Apache Hadoop has been around for longer than many people realize. It’s now over a decade old, and has come a very long way since 2002. GigaOm’s Derrick Harris did a good job covering Hadoop’s history in this series of posts titled The history of Hadoop: From 4 nodes to the future of data.
There is now a thriving community built up to support and extend Hadoop, and it has spawned a bevy of startups seeking to address various aspects of Hadoop ecosystem for profit. But despite all the progress, there’s still an “elephant in the room” (sorry I couldn’t resist) that nobody talks much about — cluster management.
Now, before you jump all over me for not mentioning Ambari and other Hadoop management solutions, let me clarify what I mean. You say cluster, and I say…ummm, well I say cluster too. But we’re probably talking about different things. In this case, by “cluster” I mean the servers, networking, operating systems, and other infrastructure-related pieces that make up the platform Hadoop runs on.
While Ambari and other management solutions focus on Hadoop-related software, few address the configuration, installation, and management of the hardware and software Hadoop needs to have in place before you can even install it.
Let’s face it, most discussions about Hadoop deployment start in the middle of the story. They assume you’ve already got a working cluster to install Hadoop on, but a lot has to happen before you get there. And what happens after you’re up and running? How will you keep tabs on what’s going on down in the engine room? If you want to keep those Hadoop jobs humming along, you’ll need to do a good job of monitoring and managing that cluster.
So how do you get from bare hardware to the point where you have a functioning cluster of servers — usually running Linux — that is fully networked and loaded with all the right software?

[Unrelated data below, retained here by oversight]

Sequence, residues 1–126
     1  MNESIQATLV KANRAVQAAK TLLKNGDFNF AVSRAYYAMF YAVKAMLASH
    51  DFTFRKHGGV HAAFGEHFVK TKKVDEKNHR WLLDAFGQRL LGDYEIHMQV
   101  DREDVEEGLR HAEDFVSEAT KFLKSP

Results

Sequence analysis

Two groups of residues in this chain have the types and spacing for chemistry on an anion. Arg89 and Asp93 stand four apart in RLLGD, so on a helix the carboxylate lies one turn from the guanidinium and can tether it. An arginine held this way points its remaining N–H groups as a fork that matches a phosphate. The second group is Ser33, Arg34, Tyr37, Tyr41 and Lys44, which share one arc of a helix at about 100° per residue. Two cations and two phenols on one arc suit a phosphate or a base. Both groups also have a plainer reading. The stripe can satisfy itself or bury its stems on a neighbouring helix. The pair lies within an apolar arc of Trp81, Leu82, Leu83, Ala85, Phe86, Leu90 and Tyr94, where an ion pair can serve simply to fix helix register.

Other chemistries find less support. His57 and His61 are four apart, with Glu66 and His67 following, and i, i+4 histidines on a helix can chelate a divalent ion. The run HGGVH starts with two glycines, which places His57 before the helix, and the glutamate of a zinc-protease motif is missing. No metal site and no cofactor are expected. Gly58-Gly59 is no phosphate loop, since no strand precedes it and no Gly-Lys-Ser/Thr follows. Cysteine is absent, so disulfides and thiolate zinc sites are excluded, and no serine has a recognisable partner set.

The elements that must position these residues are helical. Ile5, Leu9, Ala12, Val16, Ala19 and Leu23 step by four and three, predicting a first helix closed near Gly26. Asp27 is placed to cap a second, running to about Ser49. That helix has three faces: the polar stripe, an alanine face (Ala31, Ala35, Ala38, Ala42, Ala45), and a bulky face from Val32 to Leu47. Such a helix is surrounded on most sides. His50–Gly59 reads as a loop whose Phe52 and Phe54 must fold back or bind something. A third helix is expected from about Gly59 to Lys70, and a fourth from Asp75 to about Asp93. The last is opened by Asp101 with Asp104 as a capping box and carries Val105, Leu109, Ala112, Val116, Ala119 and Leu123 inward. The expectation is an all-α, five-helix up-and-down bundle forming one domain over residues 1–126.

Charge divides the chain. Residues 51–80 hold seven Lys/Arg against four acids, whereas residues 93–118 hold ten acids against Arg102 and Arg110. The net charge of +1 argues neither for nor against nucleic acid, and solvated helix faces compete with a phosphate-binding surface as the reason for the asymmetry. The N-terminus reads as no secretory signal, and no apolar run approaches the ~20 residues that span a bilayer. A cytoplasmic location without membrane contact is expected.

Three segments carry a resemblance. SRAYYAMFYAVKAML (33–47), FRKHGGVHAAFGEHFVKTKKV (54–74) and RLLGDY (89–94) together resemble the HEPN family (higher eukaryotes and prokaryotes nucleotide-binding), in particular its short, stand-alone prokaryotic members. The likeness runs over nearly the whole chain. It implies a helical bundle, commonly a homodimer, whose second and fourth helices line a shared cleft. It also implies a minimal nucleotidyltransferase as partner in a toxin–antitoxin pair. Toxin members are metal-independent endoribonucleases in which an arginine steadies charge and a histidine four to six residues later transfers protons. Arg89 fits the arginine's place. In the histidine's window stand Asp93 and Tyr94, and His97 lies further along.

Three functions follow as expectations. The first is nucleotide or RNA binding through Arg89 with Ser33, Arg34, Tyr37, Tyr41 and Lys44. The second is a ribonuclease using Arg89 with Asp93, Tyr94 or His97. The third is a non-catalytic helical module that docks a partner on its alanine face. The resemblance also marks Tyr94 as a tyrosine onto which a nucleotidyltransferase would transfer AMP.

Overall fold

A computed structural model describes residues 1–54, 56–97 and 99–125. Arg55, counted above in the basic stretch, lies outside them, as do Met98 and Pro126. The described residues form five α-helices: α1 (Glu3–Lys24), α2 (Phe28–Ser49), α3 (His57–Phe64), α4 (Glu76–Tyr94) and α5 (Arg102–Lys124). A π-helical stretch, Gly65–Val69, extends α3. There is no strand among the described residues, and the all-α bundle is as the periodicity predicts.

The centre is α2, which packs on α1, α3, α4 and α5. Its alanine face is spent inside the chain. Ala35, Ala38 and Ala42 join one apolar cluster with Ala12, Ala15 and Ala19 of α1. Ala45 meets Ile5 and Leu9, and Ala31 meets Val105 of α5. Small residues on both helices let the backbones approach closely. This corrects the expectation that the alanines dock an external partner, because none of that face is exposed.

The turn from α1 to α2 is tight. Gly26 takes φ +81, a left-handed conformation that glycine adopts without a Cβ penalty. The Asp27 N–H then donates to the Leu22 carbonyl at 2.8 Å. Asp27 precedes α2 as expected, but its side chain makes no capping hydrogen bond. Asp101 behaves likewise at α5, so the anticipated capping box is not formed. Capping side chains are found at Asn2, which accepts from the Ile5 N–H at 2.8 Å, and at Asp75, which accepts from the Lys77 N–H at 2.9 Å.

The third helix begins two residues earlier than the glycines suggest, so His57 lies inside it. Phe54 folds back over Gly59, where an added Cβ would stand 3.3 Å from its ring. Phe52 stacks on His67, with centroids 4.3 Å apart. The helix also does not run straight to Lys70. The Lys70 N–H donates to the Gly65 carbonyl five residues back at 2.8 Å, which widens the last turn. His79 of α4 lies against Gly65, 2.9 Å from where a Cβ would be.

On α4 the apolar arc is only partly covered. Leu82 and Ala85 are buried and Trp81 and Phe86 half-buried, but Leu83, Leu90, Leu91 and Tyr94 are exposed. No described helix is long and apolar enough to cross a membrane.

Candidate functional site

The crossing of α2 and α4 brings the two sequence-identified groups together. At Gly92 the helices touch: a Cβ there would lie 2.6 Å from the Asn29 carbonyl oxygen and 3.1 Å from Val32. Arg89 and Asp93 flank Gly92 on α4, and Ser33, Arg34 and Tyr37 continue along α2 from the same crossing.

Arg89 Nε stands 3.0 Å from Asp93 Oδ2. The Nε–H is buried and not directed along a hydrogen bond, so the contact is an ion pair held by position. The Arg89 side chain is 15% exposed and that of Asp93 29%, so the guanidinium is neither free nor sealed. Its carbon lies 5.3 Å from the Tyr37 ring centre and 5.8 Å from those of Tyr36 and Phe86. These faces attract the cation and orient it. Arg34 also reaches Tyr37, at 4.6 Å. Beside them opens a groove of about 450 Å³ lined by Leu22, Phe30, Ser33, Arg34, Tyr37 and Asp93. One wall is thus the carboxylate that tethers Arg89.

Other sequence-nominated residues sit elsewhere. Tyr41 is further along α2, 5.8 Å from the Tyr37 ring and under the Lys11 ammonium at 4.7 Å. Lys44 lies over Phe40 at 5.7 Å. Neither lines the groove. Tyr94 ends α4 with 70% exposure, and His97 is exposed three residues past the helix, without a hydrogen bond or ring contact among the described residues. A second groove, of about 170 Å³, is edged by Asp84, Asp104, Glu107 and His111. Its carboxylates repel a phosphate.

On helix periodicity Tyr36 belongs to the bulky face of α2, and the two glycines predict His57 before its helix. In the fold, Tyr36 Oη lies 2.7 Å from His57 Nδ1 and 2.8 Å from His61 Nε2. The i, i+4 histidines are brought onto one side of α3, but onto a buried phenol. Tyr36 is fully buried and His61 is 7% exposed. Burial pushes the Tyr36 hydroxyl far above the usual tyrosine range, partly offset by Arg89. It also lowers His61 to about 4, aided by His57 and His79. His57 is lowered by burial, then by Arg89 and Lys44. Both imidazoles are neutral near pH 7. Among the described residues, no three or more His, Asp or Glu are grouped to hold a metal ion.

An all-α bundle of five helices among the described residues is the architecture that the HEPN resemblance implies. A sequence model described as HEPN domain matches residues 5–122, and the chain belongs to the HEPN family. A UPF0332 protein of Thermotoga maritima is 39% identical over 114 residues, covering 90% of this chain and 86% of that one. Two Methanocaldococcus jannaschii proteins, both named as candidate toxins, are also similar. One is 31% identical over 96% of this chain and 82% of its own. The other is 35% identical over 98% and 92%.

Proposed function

You can build the systems by hand, installing the right combination of operating system and application software, and configuring the networking hardware and software properly. You might even use sophisticated scripting tools to help speed up that process. But there is a better way. Cluster managers were born to fill that gap.
It’s true you can build and manage your Hadoop systems without a cluster manager. But there are a number of advantages to using a cluster manager. First, they can save you a lot of time up front, when you first rack the servers and load them with software. In fact, cluster managers are designed to automate the entire process once the servers are racked and cabled. They will do hardware discovery, read the intended configuration of each machine from a database, and load the software onto them all — whether you have 4 nodes or 4000. And they will do it repeatedly, which comes in handy if you are deploying a series of clusters to branches of your organization around the world. Automating the process reduces the number of configuration errors and missteps that can occur whenever a complex, multistep procedure is involved. A good cluster manager will let you go from bare metal to a working cluster in less than an hour. Think of the savings!
And the usefulness of cluster managers doesn’t end once the Hadoop cluster is deployed. While the Hadoop management software available in the leading distributions from Cloudera, Hortonworks, MapR and others do a great job of monitoring and managing Hadoop, they know very little about the underlying cluster the Hadoop systems exist on. Cluster managers provide the missing pieces of monitoring and managing the infrastructure so that you can keep things running properly. They monitor things like CPU temperatures and disk performance, and can alert operators to problem before they snowball out of control.
So the next time you’re discussing Hadoop solutions for your organization, don’t forget to consider the foundation those solutions rest on. Once you put your cluster into production, you’ll want to be able to manage the entire stack. Consider the operational procedures that need to happen BEFORE you install Hadoop, and the systems you’ll need to have in place to keep your cluster healthy AFTER Hadoop is up and running. I promise you will be glad you took the time to “fill the gaps” down the road.ucumari via photopin cc